You accuse Jeremy Corbyn of engaging in non violent misogyny, despite his having appointed more women than men to the shadow cabinet. Why? Because there are no women in the ‘top jobs’.
Now I am a proud feminist, so why aren’t I cheering you on as you make these remarks?
I suspect you will say it’s because I’m a Corbyn supporter. I however, will say it’s because I don’t understand your point. Firstly, who has decided these are top jobs? Could it possibly be men? Maybe you can explain what makes the role of foreign secretary more important than education secretary? Isn’t the MP who fights for a decent education for all our children on a par with the MP who argues for or against airstrikes? Or are matters of war and peace considered more macho and therefore more important? The same goes for Health versus Home Secretary. Why is the MP who fights for greater security at home more important than the MP who fights for our precious NHS?
There is another reason your remarks rankle with me. I don’t pretend to know the ratio of men to women who voted for Jeremy Corbyn for leader, or Tom Watson for deputy for that matter, but I suspect it’s at least half. These women chose men over women. Were they too engaging in non violent misogyny, or were they focusing on politics and values when they made their choice, rather than genitalia?
Had there been a female version of Jeremy Corbyn standing for leader, I don’t deny, casting my vote might have given me an added thrill, but as it stood there were no female equivalents – or at least none prepared to stand at this time – and therefore it wasn’t an option. Jeremy won my vote because I believed he would be the leader who would fight for a fairer Britain. I believed that women, as well as men and children, would be the beneficiaries of that fairer Britain.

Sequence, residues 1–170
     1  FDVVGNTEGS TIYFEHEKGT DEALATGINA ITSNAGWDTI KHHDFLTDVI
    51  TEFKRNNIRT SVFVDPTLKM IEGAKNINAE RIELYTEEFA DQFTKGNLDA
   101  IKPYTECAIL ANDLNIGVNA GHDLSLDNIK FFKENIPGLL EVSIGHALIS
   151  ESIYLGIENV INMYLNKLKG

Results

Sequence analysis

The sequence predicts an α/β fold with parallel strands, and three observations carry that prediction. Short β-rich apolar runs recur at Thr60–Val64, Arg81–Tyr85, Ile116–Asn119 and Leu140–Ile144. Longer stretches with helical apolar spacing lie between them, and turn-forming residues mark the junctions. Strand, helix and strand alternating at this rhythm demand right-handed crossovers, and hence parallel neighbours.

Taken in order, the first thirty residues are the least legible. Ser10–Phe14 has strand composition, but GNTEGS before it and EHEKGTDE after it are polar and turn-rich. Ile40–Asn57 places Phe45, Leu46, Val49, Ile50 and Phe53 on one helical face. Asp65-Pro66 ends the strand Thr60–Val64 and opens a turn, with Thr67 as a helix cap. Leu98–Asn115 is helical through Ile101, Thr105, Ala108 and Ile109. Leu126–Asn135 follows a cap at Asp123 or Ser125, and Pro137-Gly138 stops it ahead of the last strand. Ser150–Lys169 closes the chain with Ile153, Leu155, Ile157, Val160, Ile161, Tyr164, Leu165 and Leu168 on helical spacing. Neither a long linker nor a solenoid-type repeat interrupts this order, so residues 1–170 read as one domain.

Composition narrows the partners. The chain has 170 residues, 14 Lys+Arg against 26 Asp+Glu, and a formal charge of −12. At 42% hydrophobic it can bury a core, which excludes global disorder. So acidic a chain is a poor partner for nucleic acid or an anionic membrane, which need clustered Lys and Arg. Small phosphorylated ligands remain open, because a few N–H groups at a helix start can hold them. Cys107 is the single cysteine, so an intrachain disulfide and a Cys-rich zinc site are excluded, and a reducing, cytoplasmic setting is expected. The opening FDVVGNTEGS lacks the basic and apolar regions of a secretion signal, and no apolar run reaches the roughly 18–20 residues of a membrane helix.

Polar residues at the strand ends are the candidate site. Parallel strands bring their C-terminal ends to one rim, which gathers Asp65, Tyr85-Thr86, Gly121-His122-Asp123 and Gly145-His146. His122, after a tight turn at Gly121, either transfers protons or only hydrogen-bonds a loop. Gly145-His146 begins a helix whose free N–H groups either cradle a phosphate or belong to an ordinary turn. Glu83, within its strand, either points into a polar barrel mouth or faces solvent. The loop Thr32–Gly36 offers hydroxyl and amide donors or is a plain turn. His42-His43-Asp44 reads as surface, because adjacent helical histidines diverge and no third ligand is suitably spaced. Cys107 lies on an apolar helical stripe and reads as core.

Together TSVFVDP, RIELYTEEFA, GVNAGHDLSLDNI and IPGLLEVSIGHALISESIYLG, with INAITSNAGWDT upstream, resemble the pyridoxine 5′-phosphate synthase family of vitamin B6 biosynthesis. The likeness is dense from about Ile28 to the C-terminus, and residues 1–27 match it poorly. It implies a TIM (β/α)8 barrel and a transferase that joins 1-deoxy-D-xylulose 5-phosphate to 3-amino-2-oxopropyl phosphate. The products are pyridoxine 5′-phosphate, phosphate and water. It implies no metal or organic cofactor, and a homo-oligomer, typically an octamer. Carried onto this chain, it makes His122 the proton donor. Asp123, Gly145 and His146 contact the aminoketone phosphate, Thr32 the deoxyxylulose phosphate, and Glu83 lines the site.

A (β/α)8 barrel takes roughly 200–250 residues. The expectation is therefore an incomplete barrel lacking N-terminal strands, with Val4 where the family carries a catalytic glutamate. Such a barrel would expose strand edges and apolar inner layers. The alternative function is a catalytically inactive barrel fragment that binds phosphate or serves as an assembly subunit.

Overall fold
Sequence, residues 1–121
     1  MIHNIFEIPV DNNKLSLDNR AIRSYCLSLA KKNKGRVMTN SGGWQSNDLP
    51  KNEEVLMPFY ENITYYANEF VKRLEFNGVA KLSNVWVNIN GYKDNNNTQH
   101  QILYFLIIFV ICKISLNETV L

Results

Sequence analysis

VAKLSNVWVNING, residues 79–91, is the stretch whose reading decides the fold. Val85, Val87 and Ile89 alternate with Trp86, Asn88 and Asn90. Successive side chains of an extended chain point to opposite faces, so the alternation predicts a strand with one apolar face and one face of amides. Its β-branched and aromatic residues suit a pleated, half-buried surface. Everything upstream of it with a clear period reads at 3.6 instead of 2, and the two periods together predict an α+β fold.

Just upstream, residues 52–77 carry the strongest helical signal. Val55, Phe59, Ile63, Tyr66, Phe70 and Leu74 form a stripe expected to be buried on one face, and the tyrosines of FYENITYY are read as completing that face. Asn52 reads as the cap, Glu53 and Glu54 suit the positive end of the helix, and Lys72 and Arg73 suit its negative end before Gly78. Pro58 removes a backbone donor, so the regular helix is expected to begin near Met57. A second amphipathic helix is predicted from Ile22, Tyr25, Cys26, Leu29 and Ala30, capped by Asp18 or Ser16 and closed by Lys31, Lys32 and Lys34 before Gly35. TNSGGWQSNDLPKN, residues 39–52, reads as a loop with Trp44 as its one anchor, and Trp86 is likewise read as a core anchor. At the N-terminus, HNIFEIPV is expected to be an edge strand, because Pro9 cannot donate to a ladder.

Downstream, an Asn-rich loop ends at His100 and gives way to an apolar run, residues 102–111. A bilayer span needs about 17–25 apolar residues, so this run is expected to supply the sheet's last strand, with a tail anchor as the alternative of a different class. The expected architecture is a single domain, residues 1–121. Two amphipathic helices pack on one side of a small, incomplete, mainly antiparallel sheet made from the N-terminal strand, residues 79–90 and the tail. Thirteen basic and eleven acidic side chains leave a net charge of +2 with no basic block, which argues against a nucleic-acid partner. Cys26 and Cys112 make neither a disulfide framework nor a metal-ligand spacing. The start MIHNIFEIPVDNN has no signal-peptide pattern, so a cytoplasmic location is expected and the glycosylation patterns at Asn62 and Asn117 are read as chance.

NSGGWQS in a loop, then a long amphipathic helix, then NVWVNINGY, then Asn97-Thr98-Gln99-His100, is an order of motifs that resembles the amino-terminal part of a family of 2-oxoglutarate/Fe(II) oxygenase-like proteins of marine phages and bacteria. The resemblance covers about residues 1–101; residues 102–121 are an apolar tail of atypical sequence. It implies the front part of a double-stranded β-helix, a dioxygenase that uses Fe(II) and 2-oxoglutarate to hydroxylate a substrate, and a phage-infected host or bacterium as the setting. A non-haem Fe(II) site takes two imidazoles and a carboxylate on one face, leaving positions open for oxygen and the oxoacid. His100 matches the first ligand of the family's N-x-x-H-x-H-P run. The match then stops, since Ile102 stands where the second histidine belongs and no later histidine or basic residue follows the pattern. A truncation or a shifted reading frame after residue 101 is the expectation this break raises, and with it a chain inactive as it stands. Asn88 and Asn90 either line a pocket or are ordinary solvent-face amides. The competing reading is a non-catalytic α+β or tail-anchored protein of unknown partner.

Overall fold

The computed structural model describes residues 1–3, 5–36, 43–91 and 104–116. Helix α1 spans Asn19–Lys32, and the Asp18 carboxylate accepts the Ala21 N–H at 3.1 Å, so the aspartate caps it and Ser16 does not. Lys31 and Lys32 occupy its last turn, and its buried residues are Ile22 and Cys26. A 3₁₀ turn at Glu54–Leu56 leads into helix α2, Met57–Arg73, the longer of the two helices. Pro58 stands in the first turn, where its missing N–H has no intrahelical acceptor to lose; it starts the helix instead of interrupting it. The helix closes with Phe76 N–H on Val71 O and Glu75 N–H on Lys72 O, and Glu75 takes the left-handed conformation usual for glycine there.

When it came to Jeremy’s appointment of John McDonnell into the post of shadow chancellor, I was thrilled. It was more important to me to have a shadow chancellor who was passionately anti austerity, than to have a female in the role. Does that make me a misogynist?
I would like to add, I voted for Angela Eagle for deputy. Not because she was a woman, but because of her strong trade union links.
While I am a strong believer in removing any barriers that hold women back from reaching their potential, and believe there is a need for all women short lists, I can’t see how it is misogynistic of Jeremy Corbyn to appoint MPs he believes to be best suited to these supposed ‘top jobs,’ especially when several female MPs ruled themselves out of serving in a Corbyn led shadow cabinet; any more than it was misogynistic of hundreds of thousands of women to vote for Jeremy Corbyn, Tom Watson or Sadiq Khan, over their female counterparts.
In 1979, millions of women voted for Margaret Thatcher, solely because of her sex. They mistakenly believed a woman would fight for women’s issues. How wrong they were. I consider it a positive that women based their choice for Labour leader and deputy, on who they thought would be the best person for the job. It demonstrates a growing confidence in our place in the world. To then have women, like yourself, shouting misogyny because there are not fifty fifty women in such a narrow choice of jobs, feels like a step back to me. It rings of lack of confidence. It says, if a woman’s not in charge of war and peace or home security, women are not important.
Well Jess, I respectfully disagree. We are extremely important. Far too important to panic over the lack of appointment of women into two roles left available after women voted men into the other two. We do ourselves a disservice to suggest otherwise.